Portfolio Profiles

SparkLabs Cultiv8 on how to create strong financial returns and meaningful impact

By Oliver Morrison

- Last updated on GMT

SparkLabs Cultiv8 founders Malcolm Nutt (left) and Jonathon Quigley
SparkLabs Cultiv8 founders Malcolm Nutt (left) and Jonathon Quigley

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AgTechNavigator caught up with SparkLabs Cultiv8, an Australian-based accelerator programme that supports early-stage agri-food tech and cleantech startups from ideation to commercialisation.

Founded in 2017 by Malcolm Nutt and Jonathon Quigley, SparkLabs Cultiv8 has supported more than 50 (both Australian and international) companies through its accelerator programme. These companies today boast a combined market cap of over AUD$1.7 billion and have raised more than half a billion dollars in follow-on capital.

Examples include Australian companies Zetifi, which delivers reliable wifi to remote farms; seaweed-based feed company FutureFeed; Ranchbot, which deploys small farm robots to improve water and resource use: proof that companies that began life down under can tap into universal agtech challenges; and Woolemi, which offers audit-grade climate reporting for land and agricultural portfolios.

SparkLabs Cultiv8 most recently announced a tie-up with Kansas State University’s research innovation and partnership arm, K-State Innovation Partners, to drive agri-food tech growth.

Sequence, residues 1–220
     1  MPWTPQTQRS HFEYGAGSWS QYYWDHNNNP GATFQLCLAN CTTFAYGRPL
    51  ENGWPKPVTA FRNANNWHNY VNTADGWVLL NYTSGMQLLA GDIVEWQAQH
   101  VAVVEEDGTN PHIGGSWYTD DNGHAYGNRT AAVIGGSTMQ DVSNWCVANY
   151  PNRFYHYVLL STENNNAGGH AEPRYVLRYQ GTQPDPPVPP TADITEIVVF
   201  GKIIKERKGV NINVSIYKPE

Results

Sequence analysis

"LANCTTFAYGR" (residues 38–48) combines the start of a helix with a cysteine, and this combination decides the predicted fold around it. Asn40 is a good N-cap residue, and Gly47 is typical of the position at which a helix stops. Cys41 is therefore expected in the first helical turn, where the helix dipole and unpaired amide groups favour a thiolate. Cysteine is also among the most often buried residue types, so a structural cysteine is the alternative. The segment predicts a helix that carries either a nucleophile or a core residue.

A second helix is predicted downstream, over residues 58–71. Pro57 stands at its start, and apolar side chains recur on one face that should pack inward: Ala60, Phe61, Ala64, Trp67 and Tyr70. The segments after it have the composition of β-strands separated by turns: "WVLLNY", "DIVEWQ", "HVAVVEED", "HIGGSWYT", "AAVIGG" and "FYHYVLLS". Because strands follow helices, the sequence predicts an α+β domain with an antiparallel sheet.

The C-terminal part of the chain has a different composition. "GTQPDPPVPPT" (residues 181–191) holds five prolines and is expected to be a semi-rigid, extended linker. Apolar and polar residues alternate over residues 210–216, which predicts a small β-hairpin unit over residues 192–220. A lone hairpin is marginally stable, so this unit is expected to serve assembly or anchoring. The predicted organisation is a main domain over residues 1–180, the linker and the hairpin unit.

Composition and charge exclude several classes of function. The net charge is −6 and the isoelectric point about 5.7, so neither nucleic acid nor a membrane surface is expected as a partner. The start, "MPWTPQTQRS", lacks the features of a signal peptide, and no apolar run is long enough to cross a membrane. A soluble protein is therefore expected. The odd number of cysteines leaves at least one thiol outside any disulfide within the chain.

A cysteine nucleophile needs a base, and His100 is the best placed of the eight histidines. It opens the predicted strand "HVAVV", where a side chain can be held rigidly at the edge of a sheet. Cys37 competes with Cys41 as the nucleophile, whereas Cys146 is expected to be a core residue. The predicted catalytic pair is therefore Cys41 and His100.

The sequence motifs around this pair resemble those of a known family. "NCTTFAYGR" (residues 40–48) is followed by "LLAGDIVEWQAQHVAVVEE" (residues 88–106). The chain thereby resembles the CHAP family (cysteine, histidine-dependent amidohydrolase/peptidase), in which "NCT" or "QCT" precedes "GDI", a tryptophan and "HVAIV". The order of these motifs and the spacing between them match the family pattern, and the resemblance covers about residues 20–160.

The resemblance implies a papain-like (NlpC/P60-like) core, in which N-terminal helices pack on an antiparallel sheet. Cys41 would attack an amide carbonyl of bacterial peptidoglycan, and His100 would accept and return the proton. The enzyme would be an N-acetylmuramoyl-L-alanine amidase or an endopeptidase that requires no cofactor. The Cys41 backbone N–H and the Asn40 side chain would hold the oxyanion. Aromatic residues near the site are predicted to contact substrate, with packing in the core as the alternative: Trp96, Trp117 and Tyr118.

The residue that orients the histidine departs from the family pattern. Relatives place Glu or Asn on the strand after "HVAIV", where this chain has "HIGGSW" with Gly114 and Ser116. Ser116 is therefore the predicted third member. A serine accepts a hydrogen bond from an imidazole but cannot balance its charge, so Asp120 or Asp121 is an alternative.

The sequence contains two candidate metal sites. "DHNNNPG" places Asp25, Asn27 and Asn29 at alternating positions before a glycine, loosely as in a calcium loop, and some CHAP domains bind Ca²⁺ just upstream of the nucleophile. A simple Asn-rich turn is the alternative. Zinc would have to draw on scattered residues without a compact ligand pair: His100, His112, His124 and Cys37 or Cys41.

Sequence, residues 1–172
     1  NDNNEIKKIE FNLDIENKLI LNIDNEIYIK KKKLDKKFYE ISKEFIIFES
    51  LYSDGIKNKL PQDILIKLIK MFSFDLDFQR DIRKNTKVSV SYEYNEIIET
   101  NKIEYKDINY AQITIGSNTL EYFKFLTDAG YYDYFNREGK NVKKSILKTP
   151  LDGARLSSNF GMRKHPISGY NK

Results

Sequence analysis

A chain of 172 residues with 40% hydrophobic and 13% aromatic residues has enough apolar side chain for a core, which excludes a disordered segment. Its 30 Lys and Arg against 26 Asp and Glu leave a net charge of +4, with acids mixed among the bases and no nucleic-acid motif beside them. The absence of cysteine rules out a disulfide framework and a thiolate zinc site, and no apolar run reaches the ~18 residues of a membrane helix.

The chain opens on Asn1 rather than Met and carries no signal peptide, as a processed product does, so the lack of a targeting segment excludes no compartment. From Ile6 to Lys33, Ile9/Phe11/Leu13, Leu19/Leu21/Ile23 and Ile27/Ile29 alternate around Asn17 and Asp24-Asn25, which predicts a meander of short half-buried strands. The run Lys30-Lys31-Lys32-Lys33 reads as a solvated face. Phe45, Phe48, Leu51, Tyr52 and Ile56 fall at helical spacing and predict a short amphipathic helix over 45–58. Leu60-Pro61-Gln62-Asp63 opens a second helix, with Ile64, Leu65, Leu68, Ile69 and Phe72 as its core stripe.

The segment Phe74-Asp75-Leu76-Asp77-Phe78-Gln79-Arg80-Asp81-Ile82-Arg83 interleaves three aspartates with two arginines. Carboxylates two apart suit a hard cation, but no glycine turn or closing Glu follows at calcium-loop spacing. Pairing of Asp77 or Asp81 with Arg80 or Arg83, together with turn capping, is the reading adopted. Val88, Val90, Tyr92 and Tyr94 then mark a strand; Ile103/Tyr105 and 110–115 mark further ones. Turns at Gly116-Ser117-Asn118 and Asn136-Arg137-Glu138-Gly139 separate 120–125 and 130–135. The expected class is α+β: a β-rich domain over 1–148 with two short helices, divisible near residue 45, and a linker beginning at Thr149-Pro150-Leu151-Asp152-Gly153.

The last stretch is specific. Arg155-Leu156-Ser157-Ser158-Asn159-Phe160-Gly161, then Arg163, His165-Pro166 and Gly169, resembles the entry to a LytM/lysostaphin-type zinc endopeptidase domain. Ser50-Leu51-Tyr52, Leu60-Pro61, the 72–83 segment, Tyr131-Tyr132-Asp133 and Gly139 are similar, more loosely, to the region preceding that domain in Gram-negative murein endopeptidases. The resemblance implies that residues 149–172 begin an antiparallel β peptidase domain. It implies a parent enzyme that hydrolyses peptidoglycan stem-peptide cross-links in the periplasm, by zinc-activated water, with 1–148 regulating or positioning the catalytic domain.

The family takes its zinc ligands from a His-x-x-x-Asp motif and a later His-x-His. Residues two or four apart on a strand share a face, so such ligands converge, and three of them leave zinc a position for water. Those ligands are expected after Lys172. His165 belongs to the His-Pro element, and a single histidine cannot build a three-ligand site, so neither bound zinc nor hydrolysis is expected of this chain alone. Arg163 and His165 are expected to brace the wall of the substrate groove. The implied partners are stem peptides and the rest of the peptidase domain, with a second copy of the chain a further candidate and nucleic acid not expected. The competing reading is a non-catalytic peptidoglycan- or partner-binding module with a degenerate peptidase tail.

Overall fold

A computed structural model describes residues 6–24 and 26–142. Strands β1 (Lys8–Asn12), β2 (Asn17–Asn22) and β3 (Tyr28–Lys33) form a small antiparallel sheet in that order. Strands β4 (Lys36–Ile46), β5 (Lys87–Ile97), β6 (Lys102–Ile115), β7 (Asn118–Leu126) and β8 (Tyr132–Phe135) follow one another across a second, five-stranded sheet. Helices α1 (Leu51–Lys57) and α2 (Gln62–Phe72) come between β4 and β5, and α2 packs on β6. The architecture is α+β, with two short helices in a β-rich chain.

What’s behind the success of the accelerator?

At SparkLabs Cultiv8, our success is driven by people. Since 2018, we have supported over 50 entrepreneurs in the agri-food tech sector, each with unique technologies, development stages, and geographic locations. We prioritise selecting the right individuals to join our network and we focus on founders who are passionate and coachable. We engage with experienced mentors committed to providing guidance and feedback to support entrepreneurs, and we select domestic and international partners enthusiastic about collaborating with our alumni.

Our participants consistently highlight that our networks and our growing alumni community are key to their success. Located in Orange, NSW, a prominent food production region, and collocated with the NSW Department of Primary Industry, we place our participants at the heart of the food production and R&D ecosystem. This strategic location allows them to be close to their future customers and the broader industry.

Our success in our first five years enabled us to partner with Challenger Group in 2022 to launch Cultiv8 Funds Management, a specialist agri-food technology venture capital fund investing in Australian and global companies from Seed to Series B.

What’s your approach, what companies have you backed and why?

We invest in practical and scalable technologies that address challenges across the food value-chain to improve the way we produce, distribute and consume food. When backing companies we consider market crowding, the total addressable market, adoptability, global potential and the accumulated impact of an innovation from an environmental, efficiency and economical perspective.

The accelerator has a global mandate and primarily invests in developed markets. Our alumni includes innovations such as sustainable packaging solutions, advanced soil health technologies, labour-efficient robots, natural solutions for methane reduction and more.

Cultiv8 Funds Management has invested in six companies to date – Arugga (Israel), FutureFeed (Australia), Nutrivert (USA), WollemAI (Australia), Zetifi (Australia) and Exoflare (Australia).